HPV And Pap Smears


The human papillomavirus (HPV) is a common virus that runs in about 80% of the general population. It’s usually harmless, but it can cause genital warts and cervical cancer if it’s left untreated. Because HPV is so common, doctors usually test for it when they perform a pap smear—the annual test used to screen for cervical cancer.

What is HPV?

HPV stands for human papillomavirus. It’s the most common sexually transmitted infection in the United States and more than 40 strains of HPV have been identified to date. The virus is spread through skin-to-skin contact, so it’s possible to contract HPV even if you don’t have sex — for example, if someone with an active wart touches you or if you touch yourself after touching another person who has a wart.

The Centers for Disease Control and Prevention (CDC) estimates that 79 million Americans are currently infected with some form of HPV. And while most people will never know they have it, some forms can cause genital warts and cervical cancer. In fact, according to National Cancer Institute estimates, roughly 12,000 women will be diagnosed with cervical cancer this year alone — a staggering number that can be reduced by regular Pap smears (a test similar to a Pap smear but used in older adults).

What’s the difference between high-risk HPV and low-risk HPV?

There are many types of human papillomavirus (HPV), and some types cause cancer. The two most common types in the United States are HPV-16 and HPV-18, which together account for about 70 percent of all cervical cancers. However, there are more than 100 strains of HPV in existence, some of which can cause genital warts but not cancer.

In addition to being a risk factor for cervical cancer, high-risk strains of HPV can also lead to penile cancer in men and oropharyngeal cancer (cancer affecting the throat) in both men and women—the latter being particularly dangerous because it often affects younger people with long life expectancies ahead of them and involves treatments that have severe side effects such as loss of taste or even adverse reactions during pregnancy.[5]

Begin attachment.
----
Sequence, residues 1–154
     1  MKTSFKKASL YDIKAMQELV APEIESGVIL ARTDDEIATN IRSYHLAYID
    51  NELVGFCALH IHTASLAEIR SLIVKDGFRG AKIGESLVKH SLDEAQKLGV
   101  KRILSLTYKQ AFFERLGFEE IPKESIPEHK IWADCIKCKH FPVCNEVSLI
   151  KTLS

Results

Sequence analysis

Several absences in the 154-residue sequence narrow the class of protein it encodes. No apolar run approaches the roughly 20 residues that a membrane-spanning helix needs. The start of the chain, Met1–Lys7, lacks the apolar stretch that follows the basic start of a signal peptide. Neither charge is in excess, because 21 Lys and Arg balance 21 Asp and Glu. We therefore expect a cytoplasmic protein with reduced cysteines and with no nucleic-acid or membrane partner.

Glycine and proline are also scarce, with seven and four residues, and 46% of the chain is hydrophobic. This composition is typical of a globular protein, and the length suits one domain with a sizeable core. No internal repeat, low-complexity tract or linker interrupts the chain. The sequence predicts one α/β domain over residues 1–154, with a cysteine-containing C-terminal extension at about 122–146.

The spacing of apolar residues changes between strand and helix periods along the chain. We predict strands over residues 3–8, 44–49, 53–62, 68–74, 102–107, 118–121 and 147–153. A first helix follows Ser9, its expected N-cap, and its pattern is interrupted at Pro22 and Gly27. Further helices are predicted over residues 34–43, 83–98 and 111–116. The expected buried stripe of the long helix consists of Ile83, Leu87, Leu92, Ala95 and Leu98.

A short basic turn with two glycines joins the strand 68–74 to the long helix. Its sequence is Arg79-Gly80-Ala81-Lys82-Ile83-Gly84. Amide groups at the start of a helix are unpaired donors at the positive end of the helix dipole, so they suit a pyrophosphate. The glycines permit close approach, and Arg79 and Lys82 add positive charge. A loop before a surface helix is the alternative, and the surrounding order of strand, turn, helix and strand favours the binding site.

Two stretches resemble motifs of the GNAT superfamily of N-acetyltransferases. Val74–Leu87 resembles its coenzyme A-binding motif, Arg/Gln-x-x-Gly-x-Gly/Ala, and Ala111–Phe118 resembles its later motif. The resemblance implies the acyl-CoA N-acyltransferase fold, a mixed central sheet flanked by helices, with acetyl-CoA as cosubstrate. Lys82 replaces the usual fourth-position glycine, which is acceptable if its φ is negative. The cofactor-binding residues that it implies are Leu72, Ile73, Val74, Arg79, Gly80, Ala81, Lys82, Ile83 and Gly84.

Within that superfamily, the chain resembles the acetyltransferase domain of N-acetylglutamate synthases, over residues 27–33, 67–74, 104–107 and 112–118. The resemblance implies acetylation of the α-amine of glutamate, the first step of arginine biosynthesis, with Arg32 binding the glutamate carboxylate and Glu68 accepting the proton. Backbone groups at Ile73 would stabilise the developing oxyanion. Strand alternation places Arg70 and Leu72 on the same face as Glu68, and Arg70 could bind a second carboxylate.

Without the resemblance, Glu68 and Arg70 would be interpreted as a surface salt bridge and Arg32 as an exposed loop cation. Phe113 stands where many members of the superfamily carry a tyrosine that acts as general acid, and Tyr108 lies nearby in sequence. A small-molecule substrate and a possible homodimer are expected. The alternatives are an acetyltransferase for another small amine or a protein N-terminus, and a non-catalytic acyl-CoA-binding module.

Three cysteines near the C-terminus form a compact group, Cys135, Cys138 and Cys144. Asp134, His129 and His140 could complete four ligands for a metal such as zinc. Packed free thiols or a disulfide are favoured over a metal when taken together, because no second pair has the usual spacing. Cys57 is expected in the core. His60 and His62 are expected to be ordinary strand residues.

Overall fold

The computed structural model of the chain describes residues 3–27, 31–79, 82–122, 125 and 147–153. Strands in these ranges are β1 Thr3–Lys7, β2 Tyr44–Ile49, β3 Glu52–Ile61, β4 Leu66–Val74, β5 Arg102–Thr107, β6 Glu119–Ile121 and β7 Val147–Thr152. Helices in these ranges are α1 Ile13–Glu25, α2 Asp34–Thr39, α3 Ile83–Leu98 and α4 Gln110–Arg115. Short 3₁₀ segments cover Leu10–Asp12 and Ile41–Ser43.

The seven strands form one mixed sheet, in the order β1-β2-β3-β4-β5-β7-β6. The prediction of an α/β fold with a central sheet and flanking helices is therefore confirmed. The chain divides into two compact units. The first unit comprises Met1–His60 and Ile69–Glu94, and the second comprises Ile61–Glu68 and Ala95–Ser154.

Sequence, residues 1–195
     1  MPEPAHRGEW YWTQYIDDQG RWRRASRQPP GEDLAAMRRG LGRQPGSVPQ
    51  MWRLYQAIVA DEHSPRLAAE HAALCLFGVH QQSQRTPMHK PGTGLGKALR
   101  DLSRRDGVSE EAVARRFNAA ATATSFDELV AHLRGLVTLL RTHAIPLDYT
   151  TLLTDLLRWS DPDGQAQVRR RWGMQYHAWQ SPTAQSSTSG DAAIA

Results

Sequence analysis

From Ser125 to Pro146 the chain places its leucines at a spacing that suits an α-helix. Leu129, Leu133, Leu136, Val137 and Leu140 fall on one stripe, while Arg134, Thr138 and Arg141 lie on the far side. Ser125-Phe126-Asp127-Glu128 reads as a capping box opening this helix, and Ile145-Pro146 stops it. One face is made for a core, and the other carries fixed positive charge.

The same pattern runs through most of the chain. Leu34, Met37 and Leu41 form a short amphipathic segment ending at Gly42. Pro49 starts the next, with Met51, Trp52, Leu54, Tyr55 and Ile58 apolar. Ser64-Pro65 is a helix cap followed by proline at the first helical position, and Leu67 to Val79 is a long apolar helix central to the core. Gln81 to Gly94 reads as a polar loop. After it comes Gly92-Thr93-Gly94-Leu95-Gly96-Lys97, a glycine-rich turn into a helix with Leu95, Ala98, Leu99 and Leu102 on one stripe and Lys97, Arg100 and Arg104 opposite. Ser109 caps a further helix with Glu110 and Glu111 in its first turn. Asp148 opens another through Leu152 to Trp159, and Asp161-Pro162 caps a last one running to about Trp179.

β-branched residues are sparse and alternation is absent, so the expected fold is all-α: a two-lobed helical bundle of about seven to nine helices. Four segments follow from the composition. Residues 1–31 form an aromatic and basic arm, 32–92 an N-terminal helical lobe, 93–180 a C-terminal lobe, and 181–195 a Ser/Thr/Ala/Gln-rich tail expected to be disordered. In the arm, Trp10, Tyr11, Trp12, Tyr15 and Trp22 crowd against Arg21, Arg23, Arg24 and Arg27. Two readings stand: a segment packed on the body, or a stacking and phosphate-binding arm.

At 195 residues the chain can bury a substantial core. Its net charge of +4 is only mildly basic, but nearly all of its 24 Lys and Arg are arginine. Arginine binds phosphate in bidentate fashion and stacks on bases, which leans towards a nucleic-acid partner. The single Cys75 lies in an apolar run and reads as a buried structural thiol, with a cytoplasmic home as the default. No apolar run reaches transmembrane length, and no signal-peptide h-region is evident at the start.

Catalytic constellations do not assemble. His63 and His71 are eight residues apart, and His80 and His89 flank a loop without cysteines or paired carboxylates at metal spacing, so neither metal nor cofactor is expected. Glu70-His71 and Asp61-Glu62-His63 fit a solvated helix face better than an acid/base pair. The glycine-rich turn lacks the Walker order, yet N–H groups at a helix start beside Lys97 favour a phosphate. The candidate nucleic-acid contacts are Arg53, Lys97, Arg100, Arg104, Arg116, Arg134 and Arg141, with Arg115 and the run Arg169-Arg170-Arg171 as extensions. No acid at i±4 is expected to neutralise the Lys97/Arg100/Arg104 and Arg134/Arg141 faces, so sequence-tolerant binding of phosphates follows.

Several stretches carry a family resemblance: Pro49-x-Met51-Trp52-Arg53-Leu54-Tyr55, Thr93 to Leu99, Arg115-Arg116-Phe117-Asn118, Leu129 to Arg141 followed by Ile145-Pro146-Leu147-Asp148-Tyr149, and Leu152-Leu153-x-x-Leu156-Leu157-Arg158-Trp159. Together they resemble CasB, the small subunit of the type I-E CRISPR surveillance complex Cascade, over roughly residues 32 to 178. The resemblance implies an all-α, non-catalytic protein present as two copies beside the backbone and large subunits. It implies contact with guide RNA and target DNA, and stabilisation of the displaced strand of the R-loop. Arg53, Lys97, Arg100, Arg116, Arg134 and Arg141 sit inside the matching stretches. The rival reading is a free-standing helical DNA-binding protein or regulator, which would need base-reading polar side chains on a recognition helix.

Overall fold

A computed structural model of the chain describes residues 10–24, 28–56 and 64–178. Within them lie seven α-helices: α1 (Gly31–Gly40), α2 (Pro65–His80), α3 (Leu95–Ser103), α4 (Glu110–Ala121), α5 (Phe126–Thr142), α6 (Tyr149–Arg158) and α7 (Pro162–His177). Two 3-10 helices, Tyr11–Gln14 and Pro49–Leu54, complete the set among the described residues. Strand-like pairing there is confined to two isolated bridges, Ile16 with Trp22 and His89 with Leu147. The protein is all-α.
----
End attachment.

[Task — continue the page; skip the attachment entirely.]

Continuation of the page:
Does everyone get HPV?

The short answer is that most people get HPV at some point in their lives. According to the Centers for Disease Control and Prevention (CDC), “Genital HPV infection is very common.”

In fact, it’s so common that you can easily catch it even if you haven’t had sex with anyone new or different lately. That’s because HPV is transmitted through skin-to-skin contact, not just through sexual intercourse or during oral sex — which means that even kissing someone who has HPV could put you at risk.

How is HPV spread?

The exact way HPV is spread is not well understood, but it’s believed that the virus can be transmitted through skin-to-skin contact. This includes any kind of sexual activity: anal sex, vaginal sex, and oral sex.

If you have genital warts or an abnormal Pap smear, it’s important to make sure your partner(s) are also checked out by a doctor to determine whether they may be infected with the virus as well. This will allow them to receive treatment if necessary and reduce their risk of spreading it further.

How do I know if I have an infection or not?

You may be wondering how you can tell if you have an HPV infection. Most people who have HPV do not develop any symptoms or health problems from the virus. But if your immune system is weakened by other illnesses, certain medications or by age, you are more likely to get genital warts and/or abnormal cells on your cervix that can lead to cancer.

Research has shown that the most effective way to prevent cervical cancer is through routine screening with a Pap test and follow-up testing when needed. A Pap test checks for precancerous changes in the cells on the surface of the cervix caused by papillomavirus (HPV). If these changes are found early enough, they can usually be treated before they become cancerous growths known as cervical dysplasia or carcinoma in situ (CIS).

Can I get tested for HPV before I’m sexually active?

You can get tested for HPV before you’re sexually active, but it’s not as effective as testing for HPV after you’ve been exposed to the virus.

Testing for HPV goes by many names, including “genetic testing” and “cervical screening.” The most common tests check for the presence of HPV in your body. Other tests detect the rise of specific strains of the virus that could indicate a high risk for cancer or other health issues. Some women choose to test their partners before they become intimate with them, so they know if their partner has an STD that could affect their sexual health over time. If you are under 25 years old, it is recommended that you be tested annually—even if you have had no symptoms or signs of an STI (sexually transmitted infection).